To counter this issue, Ather has announced an upfront pricing plan for both the packs too. The Ather 450X with the Plus Pack costs Rs 1.49 lakh whereas the one with the Pro Pack will set you back by Rs 1.59 lakh, both ex-showroom, Bengaluru. Thanks to the bigger subsidy in Delhi, the price for these two versions go down to Rs 1.35 lakh and Rs 1.45 lakh, ex-showroom, respectively, including subsidies. This will be ideal for those who do not wish to get into the whole recurring expenditure business. Under these pricing schemes, Ather offers a three-year battery warranty and the prices are inclusive of GST and FAME II subsidy. However, one will have to opt for the Ather Connect subscription plan (to avail connectivity, Over The Air Updates, public charging service and the likes) compulsorily.
At Rs 99,000, the Ather 450X undercuts the Bajaj Chetak electric by Rs 16,000. You may feel that paying almost a lakh for an electric scooter is a bit much but with the current level of technology, the price is actually pretty competitive. In fact, it also undercuts the TVS iQube Electric scooter by Rs 16,000. All the prices are ex-showroom, Bengaluru, including subsidy.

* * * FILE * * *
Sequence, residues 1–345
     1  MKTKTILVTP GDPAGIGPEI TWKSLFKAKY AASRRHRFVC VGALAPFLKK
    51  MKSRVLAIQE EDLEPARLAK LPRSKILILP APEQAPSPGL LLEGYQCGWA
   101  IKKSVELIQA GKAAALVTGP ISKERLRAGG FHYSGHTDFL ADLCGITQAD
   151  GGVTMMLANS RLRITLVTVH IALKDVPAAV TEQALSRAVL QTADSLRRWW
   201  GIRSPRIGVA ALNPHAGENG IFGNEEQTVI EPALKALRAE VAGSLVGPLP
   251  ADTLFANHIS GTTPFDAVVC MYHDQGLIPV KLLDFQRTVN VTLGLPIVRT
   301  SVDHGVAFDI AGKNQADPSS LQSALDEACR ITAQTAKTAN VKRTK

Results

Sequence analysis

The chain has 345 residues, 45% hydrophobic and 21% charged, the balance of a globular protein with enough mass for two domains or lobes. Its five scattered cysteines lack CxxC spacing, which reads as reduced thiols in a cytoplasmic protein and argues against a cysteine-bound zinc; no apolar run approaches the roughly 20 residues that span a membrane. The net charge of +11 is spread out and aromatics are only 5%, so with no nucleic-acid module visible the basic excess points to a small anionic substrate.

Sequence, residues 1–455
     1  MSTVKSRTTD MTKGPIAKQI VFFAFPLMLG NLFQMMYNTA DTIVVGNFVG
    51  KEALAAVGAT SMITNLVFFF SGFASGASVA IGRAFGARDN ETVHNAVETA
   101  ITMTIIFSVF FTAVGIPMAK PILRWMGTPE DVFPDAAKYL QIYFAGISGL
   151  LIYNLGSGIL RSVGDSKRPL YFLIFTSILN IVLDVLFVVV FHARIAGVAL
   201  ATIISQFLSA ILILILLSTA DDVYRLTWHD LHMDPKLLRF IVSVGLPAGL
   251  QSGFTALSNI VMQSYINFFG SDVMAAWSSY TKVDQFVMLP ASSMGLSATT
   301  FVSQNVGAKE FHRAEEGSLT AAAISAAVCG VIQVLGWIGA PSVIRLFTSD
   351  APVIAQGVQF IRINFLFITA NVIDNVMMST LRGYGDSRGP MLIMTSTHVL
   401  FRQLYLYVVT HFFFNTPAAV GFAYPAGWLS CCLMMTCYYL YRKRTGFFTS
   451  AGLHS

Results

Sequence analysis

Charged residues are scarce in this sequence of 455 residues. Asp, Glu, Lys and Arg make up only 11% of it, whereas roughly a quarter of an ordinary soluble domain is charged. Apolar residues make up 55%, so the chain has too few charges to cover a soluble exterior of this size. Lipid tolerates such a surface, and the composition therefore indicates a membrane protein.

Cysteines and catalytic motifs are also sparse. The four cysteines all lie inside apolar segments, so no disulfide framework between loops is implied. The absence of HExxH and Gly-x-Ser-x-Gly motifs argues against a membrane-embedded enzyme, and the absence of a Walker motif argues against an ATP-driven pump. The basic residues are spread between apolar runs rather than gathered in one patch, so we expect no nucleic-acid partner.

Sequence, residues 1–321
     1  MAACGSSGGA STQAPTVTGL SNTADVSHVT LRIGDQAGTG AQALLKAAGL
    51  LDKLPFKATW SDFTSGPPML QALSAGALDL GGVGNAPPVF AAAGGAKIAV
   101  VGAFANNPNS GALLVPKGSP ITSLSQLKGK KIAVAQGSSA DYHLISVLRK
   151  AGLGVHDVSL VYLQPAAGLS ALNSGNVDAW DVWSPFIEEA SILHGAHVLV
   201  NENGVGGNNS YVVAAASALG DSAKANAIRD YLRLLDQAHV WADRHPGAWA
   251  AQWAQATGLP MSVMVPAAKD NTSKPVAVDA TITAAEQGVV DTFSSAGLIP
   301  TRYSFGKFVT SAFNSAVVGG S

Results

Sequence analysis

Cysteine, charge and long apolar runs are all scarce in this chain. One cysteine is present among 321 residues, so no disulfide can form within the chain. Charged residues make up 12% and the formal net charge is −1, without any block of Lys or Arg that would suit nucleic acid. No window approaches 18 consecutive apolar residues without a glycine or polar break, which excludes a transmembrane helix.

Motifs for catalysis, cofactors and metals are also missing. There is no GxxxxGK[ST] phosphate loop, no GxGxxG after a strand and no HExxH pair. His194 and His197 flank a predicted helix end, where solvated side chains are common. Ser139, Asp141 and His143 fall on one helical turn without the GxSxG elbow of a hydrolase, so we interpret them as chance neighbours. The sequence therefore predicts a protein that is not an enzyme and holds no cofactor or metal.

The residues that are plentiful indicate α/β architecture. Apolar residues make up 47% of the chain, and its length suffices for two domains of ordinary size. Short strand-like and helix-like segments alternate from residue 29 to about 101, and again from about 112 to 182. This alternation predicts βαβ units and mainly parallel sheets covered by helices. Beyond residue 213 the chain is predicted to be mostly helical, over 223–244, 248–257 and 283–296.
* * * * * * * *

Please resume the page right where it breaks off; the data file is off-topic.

But is it really more affordable than Chetak and the iQube Electric in the long run? Not exactly, if you factor in the compulsory subscription cost. The recurring expenses pretty much makes it comparable to running a petrol-powered scooter. We did the math with the standard 450, which should give you a fair idea. In a market like India, customers tend to perceive vehicles more as a one-time investment than a subscription-based commodity. And even the upfront price plan seems a bit too expensive for what’s, at the end of the day, essentially a scooter.
Is it a worthy upgrade for those who already own the Ather 450? Unless you’re an Ather enthusiast, not really. That’s because the base 450 itself offers almost all the crucial features you might need for your commute. But for newer customers, the 450X seems like a great proposition considering it offers much better features, performance and range.